For decades, oil from Kern County was transported by rail in tank cars (appropriately dubbed “oil cans”) to this Associated Oil storage facility in Tracy, which served as a way station as the oil traveled to Port Costa.

In the aerial photo from 1926 (shown above and below), the tracks heading to the right are part of the Mococo Line, which is now a seldom-used single track that extends up past Mountain House through Byron and Brentwood (alongside the Byron Highway) into Antioch and Pittsburg.

In the distance, just right of center in the photograph is an oil reservoir (also known back then as the “Gravel Pit”), which was located approximately where Alden Park is today.

Tracy Associated Oil Depot (1926 Photo)

A 1926 aerial view of the Associated Oil Tank Farm in Tracy.
Click image for enlarged view.

The Mococo Line was fundamental to the creation of the city of Tracy, which was founded in 1878 when the nearly fifty-mile-long line was opened between Martinez and here.

Tracy Oil Depot Area (1957 Aerial Photo)

The oil terminal in Tracy from the air in 1957. Note that Tracy Blvd. (then McKinley Avenue) did not cross the tracks at the time, and neither did Oil Road (now also Tracy Blvd.) which at time looped around the six oil storage tanks.

Originally constructed as the San Pablo & Tulare Railroad, it was built as an extension – a shortcut, as it were – connecting the Central Pacific’s established northern line near San Pablo Bay and its line through the San Joaquin Valley via Stockton and Lathrop over the Altamont and on to Oakland and San Jose.

The extension was known as the San Pablo & Tulare because Tracy didn’t exist at that time; the district, which included the villages of Ellis and Banta, was known collectively as Tulare Township, hence the “Tulare” in the railroad’s name. (The SP&T was consolidated into the Southern Pacific Railroad, the successor to the Central Pacific, in 1888, ten years after Tracy was founded.)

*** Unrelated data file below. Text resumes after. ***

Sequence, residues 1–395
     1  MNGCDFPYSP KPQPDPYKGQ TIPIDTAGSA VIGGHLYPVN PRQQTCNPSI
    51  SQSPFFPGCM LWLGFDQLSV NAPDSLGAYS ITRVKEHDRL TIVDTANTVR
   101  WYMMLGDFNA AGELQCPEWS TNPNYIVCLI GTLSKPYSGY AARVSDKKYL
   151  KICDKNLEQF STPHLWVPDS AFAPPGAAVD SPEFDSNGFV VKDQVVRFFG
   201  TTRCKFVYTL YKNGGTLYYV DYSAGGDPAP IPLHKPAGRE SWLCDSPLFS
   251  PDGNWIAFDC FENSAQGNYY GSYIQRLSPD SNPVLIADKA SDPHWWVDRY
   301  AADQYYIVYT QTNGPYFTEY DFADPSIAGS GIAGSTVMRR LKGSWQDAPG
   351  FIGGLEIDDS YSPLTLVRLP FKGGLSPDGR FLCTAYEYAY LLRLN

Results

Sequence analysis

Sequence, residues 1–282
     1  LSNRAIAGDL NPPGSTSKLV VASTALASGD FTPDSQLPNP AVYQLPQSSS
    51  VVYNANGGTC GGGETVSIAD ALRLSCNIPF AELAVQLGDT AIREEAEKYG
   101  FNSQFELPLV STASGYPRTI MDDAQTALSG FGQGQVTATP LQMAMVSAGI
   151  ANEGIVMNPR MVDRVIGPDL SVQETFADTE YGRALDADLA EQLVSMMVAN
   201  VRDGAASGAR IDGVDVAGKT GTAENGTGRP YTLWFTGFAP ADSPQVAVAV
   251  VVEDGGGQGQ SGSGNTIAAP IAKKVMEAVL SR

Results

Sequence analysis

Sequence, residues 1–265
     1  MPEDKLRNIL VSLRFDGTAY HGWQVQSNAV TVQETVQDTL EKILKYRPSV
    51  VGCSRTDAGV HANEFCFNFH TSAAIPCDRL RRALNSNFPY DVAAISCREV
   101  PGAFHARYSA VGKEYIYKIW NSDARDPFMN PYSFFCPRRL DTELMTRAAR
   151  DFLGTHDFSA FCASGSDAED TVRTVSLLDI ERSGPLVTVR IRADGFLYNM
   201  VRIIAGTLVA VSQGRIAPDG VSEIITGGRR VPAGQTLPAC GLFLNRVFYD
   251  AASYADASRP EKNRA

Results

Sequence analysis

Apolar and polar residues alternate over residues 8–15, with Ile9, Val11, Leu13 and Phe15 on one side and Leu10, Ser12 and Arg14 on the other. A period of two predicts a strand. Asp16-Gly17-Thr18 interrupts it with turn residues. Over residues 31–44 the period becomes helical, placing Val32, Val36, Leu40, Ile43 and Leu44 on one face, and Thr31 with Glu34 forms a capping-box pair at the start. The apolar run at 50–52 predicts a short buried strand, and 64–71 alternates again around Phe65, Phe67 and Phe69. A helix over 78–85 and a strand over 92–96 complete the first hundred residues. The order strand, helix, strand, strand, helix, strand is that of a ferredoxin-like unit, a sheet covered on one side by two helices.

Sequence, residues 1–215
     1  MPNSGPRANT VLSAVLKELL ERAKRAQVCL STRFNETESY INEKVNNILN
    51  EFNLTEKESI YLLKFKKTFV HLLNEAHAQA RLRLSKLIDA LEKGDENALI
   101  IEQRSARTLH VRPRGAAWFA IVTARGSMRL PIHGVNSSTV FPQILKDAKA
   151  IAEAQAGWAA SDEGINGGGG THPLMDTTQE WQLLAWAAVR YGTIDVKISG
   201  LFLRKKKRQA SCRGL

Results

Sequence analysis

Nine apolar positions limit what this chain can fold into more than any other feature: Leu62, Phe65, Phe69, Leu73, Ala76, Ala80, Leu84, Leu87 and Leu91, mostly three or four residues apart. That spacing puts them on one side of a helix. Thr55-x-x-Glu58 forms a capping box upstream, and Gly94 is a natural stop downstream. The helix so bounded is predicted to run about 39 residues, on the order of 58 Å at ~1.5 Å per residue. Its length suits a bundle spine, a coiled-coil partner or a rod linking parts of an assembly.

All that currently remains of this facility today is a group of hillocks at the corner of Tracy Blvd. and Beechnut Avenue, across from the city’s corporation yard.

Contaminated soil in the area led to a landmark court case, Cose v. Getty Oil Co., over who was responsible for waste from the tanks that had seeped into the soil surrounding the “Gravel Pit.”

Map of Tracy, Calif., showing the location of the oil depot (1955)

ABOVE: An excerpt from a 1955 USGS map of Tracy, showing the Tank Farm area. Note that the current Tracy Boulevard, previously known as Oil Road, did not extend across the tracks here at this time.

Google Earth view of Tracy oil depot site (2013)

ABOVE: A Google Earth aerial view of the Tank Farm area as it appeared in 2013. Tracy Blvd. curves from top to bottom at right, with Alden Park in the lower-left corner.

San Joaquin Daylight at Tracy (1956 Photo)

Southern Pacific Train 51, the westbound San Joaquin Daylight, roars past the Tank Farm (at right) on July 7, 1956, on its way to Martinez and Oakland by way of the Mococo Line, in this photo by E.K. Muller
(Western Railway Museum Archive)

Associated Oil "Tidewater" railroad tank car (Photo, Circa 1940s)

ABOVE: A typical Associated Oil tank car. The San Francisco-based company used “Tidewater” and “Flying A” as brand names.

Special thanks to the Western Railway Museum for permission to include E.K. Muller’s majestic 1956 photograph of the San Joaquin Daylight in Tracy (Negative No. 90126) in this article.

Railroad Crossing Sign (Image)